In addition, these parameters may also influence the time duration required for application of sonic vibration or energy, which in turn may be influenced by the time duration of a period of printing inactivity or a printing operation For example, taking into consideration the above-described parameters, it may be determined that a vibrational force should be applied to the inkjet cartridge 10, if a printing system has not performed a printing operation for an elapsed predetermined time duration T1, where the vibrational force is applied for a predetermined time duration T2 to maintain nozzle function. The controller 29 may be programmed to generate a signal to activate the transducer 25 once the time duration T1 has elapsed. The transducer 25 may remain activated until the controller 29 generates another print command in order to maintain nozzle function. Alternatively, the controller 29 may generate multiple signals to activate the transducer 25 in spaced time intervals during a period of inactivity or during printing in order to maintain nozzle function of the cartridge 10.
These above-listed parameters are provided as examples of parameters that may be considered and are not intended to provide an exhaustive list. Indeed, the contact point for the transducer 25 and ink oscillating frequency may have to be determined for individual cartridges or cartridge types empirically. To that end, for types of cartridges having similar physical properties that are filled with the same or similar inks, the location of the transducer contact point and the ink oscillating or vibrating frequency may be predicted and refined.
With respect to the present invention testing was conducted in both a nozzle maintenance mode and a nozzle recovery mode. The nozzle maintenance mode includes those time intervals of printing inactivity when a cartridge may be exposed to sonic excitation to prevent ink from drying or become more viscous to a point of plugging the nozzles 22. A recovery mode may involve an extended time interval of printing inactivity that results in the ink drying or becoming more viscous to the point of plugging the nozzles.
Comparison testing was conducted by allowing a cartridge filled with a methyl ethyl ketone (MEK)/methanol solvent-based ink (Videojet Product No. D6-5614) and allowed to remain uncapped for a period of fifteen minutes without sonic excitation. In reference to a sample of the testing, an HP45A thermal inkjet cartridge having a similar integral snout configuration as shown in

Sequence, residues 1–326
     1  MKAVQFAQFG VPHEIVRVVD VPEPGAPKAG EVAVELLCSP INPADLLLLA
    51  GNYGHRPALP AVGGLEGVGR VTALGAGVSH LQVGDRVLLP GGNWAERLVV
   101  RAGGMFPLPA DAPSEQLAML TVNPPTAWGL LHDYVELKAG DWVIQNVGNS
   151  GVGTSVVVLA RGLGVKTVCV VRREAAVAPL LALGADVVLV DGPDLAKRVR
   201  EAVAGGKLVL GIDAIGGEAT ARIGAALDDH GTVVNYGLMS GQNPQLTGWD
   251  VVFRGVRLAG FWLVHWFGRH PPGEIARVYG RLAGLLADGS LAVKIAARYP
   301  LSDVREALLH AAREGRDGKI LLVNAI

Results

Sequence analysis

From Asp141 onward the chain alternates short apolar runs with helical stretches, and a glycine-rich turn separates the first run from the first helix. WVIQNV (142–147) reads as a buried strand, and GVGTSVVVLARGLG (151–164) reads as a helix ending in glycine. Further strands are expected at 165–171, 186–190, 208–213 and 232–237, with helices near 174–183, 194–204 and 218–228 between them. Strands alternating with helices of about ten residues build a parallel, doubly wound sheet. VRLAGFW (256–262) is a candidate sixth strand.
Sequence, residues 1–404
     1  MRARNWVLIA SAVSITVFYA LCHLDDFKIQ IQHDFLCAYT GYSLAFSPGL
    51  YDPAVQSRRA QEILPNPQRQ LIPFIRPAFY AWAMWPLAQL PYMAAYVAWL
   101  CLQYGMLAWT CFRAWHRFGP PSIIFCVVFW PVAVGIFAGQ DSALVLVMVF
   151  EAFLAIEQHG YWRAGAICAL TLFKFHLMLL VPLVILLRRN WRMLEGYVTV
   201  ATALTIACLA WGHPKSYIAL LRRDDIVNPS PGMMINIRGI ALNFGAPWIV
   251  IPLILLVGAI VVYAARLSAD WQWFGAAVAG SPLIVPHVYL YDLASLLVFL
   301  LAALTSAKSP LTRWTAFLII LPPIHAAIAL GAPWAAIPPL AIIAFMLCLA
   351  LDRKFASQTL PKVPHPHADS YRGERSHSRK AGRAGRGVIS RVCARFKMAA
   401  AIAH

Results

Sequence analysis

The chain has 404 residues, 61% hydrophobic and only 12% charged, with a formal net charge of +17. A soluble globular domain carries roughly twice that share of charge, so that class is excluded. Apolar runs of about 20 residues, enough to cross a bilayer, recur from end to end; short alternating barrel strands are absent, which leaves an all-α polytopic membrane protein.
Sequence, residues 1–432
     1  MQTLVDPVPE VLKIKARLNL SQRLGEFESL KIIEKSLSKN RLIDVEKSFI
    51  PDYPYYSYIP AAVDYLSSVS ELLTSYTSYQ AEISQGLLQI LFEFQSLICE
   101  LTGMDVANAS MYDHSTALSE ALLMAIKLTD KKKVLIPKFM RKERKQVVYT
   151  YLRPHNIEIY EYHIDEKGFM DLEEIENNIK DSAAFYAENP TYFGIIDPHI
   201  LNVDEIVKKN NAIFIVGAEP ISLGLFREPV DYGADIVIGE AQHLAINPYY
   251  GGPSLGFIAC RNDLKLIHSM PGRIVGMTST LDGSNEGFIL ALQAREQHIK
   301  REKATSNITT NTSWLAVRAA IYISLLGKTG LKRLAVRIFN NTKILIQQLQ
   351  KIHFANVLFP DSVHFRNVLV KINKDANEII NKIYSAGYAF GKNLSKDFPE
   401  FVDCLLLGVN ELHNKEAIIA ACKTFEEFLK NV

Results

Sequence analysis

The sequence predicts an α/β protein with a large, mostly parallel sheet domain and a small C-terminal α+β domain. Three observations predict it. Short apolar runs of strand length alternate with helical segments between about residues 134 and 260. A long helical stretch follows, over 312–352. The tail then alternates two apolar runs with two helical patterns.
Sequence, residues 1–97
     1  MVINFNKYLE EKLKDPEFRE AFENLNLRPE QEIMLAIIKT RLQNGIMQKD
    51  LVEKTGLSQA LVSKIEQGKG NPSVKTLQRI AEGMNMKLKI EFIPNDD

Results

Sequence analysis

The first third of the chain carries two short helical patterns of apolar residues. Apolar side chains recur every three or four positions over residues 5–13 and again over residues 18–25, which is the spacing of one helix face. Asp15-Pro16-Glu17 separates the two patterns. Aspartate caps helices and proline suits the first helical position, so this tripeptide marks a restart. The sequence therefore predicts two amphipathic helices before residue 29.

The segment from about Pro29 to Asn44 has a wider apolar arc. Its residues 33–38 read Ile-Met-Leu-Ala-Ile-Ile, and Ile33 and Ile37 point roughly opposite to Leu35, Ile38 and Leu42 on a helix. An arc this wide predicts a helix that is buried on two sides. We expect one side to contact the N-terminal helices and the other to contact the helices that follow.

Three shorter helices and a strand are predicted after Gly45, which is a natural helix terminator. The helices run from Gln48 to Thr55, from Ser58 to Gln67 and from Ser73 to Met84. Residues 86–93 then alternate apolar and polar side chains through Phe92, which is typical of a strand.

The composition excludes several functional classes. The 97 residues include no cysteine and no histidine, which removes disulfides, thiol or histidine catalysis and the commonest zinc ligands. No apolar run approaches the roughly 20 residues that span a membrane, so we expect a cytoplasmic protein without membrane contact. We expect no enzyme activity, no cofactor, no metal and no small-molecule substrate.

The identical cartridge was then exposed to sonic excitation during another fifteen minute period. A piezoelectric transducer was activated to apply a sonic vibrational force for the duration of the fifteen minute period of printing inactivity. The piezoelectric transducer 25 was placed in contact with the pocket 26 at an area adjacent the snout 13 about 1½″ above the printhead 14. In reference to
In other testing, nozzles on the printhead of the HP45A were observed with a video system using a strobed illumination source to observe the motion of ink meniscus in the nozzle. An HP45A inkjet cartridge as described above filled with the VideoJet Product No. D6-5614 ink was allowed to sit decappped for 15 minutes without sonic excitation, and a dried film on the nozzles was easily observed with the video system. Upon application of sonic energy to the cartridge, the crusted nozzles re-solvated in approximately thirty seconds. A similar test was conducted with the cartridge remaining decapped for two hours. In that case, the nozzles re-solvated in approximately sixty seconds.
Using a strobed illumination source, it was possible to observe “snapshots” of the meniscus position in the nozzles. By delaying the illumination source with respect to the application of sonic energy, one could observe the meniscus in various positions, dependent upon the amount of delay. In this way, the fluid could be observed in positions that range from the bottom of the nozzle to the top of the nozzle, and even slightly bulging above the nozzle.
Using the described video observations test setup described above, a range of frequencies from about 2.5 kHz to about 30 kHz vibration were evaluated, with each frequency creating meniscus oscillation. Vibrational energy at a frequency of about 2.0 KHz may also be effective. However, the frequency of meniscus oscillation does not match the input frequency. Instead, meniscus oscillation appeared to be fixed by the resonant frequency associated with the cartridge fluidic column architecture. That is, the oscillation can only proceed as fast as the fluidic column can move between the bulk ink source and the meniscus. While the meniscus of the fluidic column may vibrate, oscillate or modulate there may also occur some flooding around a localized region at a nozzle which may also aid in maintaining nozzle function.
In addition or alternatively, vibrational energy may be applied to the fluidic column during or when the printhead is performing a printing operation. Testing was conducted on cartridges containing an ink with a MEK or MEK with methanol solvent and having 40 μm×40 μm fluidic channel. The volume of ink in an ink reservoir providing ink to a printhead ranged from about 15 cc to about 45 cc. The printheads printed at print frequencies of 2 KHz and/or 8 KHz, and vibrational energy was applied to the fluidic columns at a frequency of 6 KHz and 10% amplitude.